Under the agreement to be considered by the House and Senate later this week, Pentagon spending would rise nearly $5 billion this year — about $2 billion less than the increase initially sought by Republicans — while nondefense programs would receive targeted cuts as well as a $1 billion across-the-board decrease that would bring net spending reductions to roughly $38 billion.
As they assessed the deal struck Friday night, less than two hours before government agencies were to run out of money, both parties laid claim to victories in a showdown that presaged difficult spending fights to come between House Republicans and the Democratic-controlled Senate and White House.
Led by Speaker John A. Boehner, Republicans said the cuts to the current budgets of federal agencies showed that they could impose their demands to reduce spending substantially and reverse decades of government growth even though they control just one chamber of Congress.
“Instead of politicians talking about how much they wanted to increase spending, the entire debate of the last two months was about how much spending to reduce and where,” said Representative Todd Rokita, Republican of Indiana and one of 87 Republican freshmen whose insistence on deeper cuts influenced the spending fight. “This is progress.”
Democrats, who said they, too, recognized the need to pare spending, said they were able to limit damage to favored programs like Head Start and public broadcasting while beating back some of what they saw as flawed, ideologically driven policy provisions pushed by House conservatives, including restrictions on money for family planning and environmental regulations.
“This is an agreement to invest in our country’s future while making the largest annual spending cut in our history,” President Obama said Saturday. He said Democrats “prevented this important debate from being overtaken by politics and unrelated disagreements on social issues.”
Details of the specific cuts, which Mr. Boehner said would amount to $500 billion over the next decade, were still emerging. The cuts include about one-third of the money provided in the new health care law to encourage the creation of insurance cooperatives, Congressional aides said. The law provided up to $6 billion for loans and grants to such nonprofit co-ops, which would compete with private insurers in offering health care to families, individuals and small businesses.
Senator Kent Conrad, Democrat of North Dakota, had championed co-ops as an alternative to a government-run health plan favored by many liberal Democrats. However, the Congressional Budget Office said the co-ops were “unlikely to establish a significant market presence in many areas of the country.”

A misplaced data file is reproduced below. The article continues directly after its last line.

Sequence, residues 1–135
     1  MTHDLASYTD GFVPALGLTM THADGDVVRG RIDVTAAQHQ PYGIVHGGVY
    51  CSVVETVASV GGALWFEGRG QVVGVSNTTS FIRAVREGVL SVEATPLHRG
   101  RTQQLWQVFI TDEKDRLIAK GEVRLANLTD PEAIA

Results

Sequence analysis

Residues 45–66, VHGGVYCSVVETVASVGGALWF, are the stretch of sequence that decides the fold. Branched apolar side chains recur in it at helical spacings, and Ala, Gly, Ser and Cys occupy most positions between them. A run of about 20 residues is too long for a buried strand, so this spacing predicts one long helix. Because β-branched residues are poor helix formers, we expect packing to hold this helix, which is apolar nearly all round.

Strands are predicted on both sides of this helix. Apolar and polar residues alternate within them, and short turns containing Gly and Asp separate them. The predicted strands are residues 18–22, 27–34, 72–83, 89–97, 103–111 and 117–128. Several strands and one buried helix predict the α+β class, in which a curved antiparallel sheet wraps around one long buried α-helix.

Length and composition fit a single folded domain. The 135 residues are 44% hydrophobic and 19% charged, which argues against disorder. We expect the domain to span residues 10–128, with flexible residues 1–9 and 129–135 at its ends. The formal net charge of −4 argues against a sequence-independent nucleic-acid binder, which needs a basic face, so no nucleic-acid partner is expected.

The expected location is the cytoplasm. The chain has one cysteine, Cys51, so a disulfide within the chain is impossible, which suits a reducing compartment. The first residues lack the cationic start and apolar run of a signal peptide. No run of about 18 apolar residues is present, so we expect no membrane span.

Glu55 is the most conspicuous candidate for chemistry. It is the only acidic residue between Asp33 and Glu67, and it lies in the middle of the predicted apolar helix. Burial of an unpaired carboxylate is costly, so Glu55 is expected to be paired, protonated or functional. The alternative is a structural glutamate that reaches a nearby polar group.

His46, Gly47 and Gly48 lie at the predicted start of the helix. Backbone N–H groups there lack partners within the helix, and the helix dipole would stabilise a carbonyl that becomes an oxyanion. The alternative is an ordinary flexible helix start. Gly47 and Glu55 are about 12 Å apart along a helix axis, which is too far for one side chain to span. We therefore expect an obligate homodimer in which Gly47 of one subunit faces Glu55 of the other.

Mr. Obama acknowledged that some of the cuts would be painful. Given a new spending total for the next six months, Congressional aides were to spend the weekend spreading the cuts across federal agencies and writing the fine print of legislation that is to be considered in the House around midweek, with the Senate to follow.
For Mr. Boehner, caught between the Democratic-led Senate and a House Republican caucus demanding cuts, the budget compromise showed he could navigate treacherous negotiations and produce results acceptable to his party even though his dealings with Democrats brought the federal government to the brink of a shutdown.
“I think he came out fairly well when you consider we did not win the Senate, we did not win the White House and there is a lot of impatience on the fact that we have a great majority,” said Representative Jack Kingston, a Georgia Republican and member of the Appropriations Committee.
Not everyone was pleased with the outcome. The House voted early Saturday 348 to 70 to send Mr. Obama a stopgap measure to finance the government through Thursday while the compromise legislation is drafted. Forty-two Democrats and 28 Republicans, mainly conservatives, opposed the stopgap bill, signaling that Mr. Boehner still has some selling to do to his right flank. Mr. Obama signed the measure into law on Saturday afternoon.
In the Senate, where the interim measure was approved on a voice vote, there were objectors as well. “It does not set us on a path to fixing the spending and debt problems our country is facing,” said Senator Rand Paul, a Republican from Kentucky.
Some Democrats also were skeptical. Representative George Miller of California, a veteran liberal lawmaker, expressed concerns about the compromise.
“The American people have been told the agreement contains both ‘historic’ and ‘painful’ cuts. The question will be painful for whom,” Mr. Miller said in a written statement. “Poor and middle-class families have already received more than their fair share of pain in this economy.”
Robert Pear contributed reporting.